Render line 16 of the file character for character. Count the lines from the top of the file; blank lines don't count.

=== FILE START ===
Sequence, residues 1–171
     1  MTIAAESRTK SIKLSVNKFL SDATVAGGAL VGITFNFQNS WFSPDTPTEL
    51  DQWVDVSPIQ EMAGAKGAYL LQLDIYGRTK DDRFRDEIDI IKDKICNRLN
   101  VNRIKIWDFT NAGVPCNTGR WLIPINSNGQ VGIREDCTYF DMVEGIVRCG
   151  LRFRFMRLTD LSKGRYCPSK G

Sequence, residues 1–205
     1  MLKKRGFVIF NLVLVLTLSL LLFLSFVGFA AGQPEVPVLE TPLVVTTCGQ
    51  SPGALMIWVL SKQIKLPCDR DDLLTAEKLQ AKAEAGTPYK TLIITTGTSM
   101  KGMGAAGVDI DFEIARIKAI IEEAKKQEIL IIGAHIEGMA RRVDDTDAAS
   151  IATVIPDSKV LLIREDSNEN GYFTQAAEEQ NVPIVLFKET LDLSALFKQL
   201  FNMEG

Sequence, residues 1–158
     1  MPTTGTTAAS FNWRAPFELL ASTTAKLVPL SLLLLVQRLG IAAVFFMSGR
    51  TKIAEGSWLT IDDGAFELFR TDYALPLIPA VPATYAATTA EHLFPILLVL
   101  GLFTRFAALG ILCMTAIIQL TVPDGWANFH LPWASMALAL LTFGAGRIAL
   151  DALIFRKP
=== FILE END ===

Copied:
   151  DALIFRKP